The ROE Report Results: A recent “Return on Expectation” (ROE) study for CRM’s popular training video Positive Discipline has shown that customers love the program’s simplicity and practical advice for turning a negative and dreaded part of work life, into something ultimately positive.

Customer expectations with Positive Discipline were met or exceeded more than 90 percent of the time, the study found. Both individuals and organizations have rated their experience as “highly satisfactory” in an independently-conducted study.

About the Video: Positive Discipline takes a common-sense, non-adversarial approach to one of the toughest parts of being a manager or supervisor. What’s usually a nightmare becomes an opportunity – the key is putting the ownership of the solution in the hands of the employee. This performance-based program offers practical, step-by-step methods for overcoming problem behaviors.

Survey Methodology: A variety of clients participated in the survey, from business, education non-profit and government sectors. Interviews lasted 30 minutes each, and each client was told that answers would be anonymous and aggregated into a central database in order to ensure unbiased feedback.

Training expectations: Training frequency varied widely – some clients reported using the program once every three to four months for managers and supervisors; others six times a year as part of a leadership training program, and one client uses it regularly as part of an ongoing supervisory program for all managers.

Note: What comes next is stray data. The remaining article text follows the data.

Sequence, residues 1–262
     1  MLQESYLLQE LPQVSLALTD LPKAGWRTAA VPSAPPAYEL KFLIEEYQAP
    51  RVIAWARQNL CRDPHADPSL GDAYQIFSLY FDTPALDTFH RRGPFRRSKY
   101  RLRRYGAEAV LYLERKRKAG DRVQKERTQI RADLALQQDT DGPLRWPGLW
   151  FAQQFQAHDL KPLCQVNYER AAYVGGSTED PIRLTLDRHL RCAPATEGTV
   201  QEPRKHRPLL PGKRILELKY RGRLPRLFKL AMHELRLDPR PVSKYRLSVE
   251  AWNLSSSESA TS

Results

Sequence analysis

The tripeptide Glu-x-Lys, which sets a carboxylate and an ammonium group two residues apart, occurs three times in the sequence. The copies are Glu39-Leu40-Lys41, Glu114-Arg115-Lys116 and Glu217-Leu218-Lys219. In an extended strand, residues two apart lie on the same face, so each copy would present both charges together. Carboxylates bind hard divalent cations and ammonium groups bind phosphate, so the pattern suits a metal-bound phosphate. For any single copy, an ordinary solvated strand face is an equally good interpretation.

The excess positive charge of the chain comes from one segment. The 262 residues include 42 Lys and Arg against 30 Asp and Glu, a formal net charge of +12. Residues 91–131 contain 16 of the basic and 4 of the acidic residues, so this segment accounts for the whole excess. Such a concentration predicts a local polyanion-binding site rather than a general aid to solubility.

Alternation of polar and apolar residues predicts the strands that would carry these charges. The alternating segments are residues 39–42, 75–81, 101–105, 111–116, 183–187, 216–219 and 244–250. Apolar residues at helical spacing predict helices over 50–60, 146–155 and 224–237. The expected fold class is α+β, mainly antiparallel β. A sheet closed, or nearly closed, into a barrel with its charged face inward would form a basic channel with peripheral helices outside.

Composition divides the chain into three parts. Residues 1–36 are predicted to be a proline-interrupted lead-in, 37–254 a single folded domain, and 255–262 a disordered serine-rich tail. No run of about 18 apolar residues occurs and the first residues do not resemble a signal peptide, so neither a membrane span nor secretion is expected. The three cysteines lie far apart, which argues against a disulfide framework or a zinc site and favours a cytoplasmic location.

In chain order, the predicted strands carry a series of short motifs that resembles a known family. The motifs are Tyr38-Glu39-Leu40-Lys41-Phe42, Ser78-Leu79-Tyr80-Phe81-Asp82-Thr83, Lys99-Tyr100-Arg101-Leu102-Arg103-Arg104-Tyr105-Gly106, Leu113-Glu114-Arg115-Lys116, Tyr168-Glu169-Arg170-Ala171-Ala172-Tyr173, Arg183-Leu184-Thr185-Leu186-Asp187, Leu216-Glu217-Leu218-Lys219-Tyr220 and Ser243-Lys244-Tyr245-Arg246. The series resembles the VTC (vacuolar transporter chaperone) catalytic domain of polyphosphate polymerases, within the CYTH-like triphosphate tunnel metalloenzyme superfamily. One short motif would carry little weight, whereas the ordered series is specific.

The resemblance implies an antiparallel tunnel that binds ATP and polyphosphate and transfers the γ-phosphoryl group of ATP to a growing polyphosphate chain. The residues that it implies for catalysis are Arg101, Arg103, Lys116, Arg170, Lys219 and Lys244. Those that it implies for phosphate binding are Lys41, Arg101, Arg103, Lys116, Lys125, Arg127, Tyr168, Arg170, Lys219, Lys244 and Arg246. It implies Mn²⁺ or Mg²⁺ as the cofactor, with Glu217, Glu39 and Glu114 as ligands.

“I wanted scenarios, examples and I wanted a methodology to handle discipline situations”, one client said. The program delivered with a practical, step-by-step process. One client specifically mentioned the “journaling” process that was particularly helpful with tardiness and attendance issues. “Managers now have specifics when talking to employees.”

Most clients reported purchasing the program simply to help managers and supervisors deal with difficult situations. “They were struggling with this,” one participant said. “They don’t want to feel like the bad guy.”

Clients especially liked the program’s performance-based methodology. “We wanted something that provided a solid outcome.” Other respondents praised the program’s adaptability, saying the complete package provided solutions for managers and supervisors on a variety of levels.

How Behavior Changed: “After the last class, several managers in operations e-mailed me saying they’d been able to handle the difficult situations they’ve been dealing with,” one client reported. “Our front-line supervisors have used the skills from the program and reported it working well – they found it much less adversarial.”

One participant said the program was especially helpful for first-time managers. “It has the potential to reduce employee litigation, improve morale and reduce turnover,” another client thought.

And everyone agreed on this comment: “Anecdotally I have heard that it saves time and a lot of trouble – we’re learning to deal with things before they completely explode.”

View Trailer or Full Length Preview of Positive Discipline